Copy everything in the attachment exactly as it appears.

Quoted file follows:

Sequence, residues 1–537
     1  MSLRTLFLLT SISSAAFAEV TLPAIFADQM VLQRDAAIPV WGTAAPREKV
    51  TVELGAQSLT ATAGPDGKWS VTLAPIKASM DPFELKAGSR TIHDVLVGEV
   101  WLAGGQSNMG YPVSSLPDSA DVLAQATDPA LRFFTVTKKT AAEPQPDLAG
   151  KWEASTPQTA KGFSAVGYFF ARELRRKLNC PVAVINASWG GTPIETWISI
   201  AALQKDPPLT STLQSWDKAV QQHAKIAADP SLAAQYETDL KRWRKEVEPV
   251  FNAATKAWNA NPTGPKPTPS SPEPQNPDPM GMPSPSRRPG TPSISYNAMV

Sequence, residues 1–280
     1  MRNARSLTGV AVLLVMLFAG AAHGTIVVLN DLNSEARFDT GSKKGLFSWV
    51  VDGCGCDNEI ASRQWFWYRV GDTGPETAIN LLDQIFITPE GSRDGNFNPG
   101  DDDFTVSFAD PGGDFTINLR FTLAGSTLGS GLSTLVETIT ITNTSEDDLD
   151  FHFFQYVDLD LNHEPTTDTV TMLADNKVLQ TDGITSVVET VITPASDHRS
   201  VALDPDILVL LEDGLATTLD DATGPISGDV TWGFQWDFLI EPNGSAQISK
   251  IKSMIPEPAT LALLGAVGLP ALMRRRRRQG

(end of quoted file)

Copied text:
Sequence, residues 1–537
     1  MSLRTLFLLT SISSAAFAEV TLPAIFADQM VLQRDAAIPV WGTAAPREKV
    51  TVELGAQSLT ATAGPDGKWS VTLAPIKASM DPFELKAGSR TIHDVLVGEV
   101  WLAGGQSNMG YPVSSLPDSA DVLAQATDPA LRFFTVTKKT AAEPQPDLAG
   151  KWEASTPQTA KGFSAVGYFF ARELRRKLNC PVAVINASWG GTPIETWISI
   201  AALQKDPPLT STLQSWDKAV QQHAKIAADP SLAAQYETDL KRWRKEVEPV
   251  FNAATKAWNA NPTGPKPTPS SPEPQNPDPM GMPSPSRRPG TPSISYNAMV

Sequence, residues 1–280
     1  MRNARSLTGV AVLLVMLFAG AAHGTIVVLN DLNSEARFDT GSKKGLFSWV
    51  VDGCGCDNEI ASRQWFWYRV GDTGPETAIN LLDQIFITPE GSRDGNFNPG
   101  DDDFTVSFAD PGGDFTINLR FTLAGSTLGS GLSTLVETIT ITNTSEDDLD
   151  FHFFQYVDLD LNHEPTTDTV TMLADNKVLQ TDGITSVVET VITPASDHRS
   201  VALDPDILVL LEDGLATTLD DATGPISGDV TWGFQWDFLI EPNGSAQISK
   251  IKSMIPEPAT LALLGAVGLP ALMRRRRRQG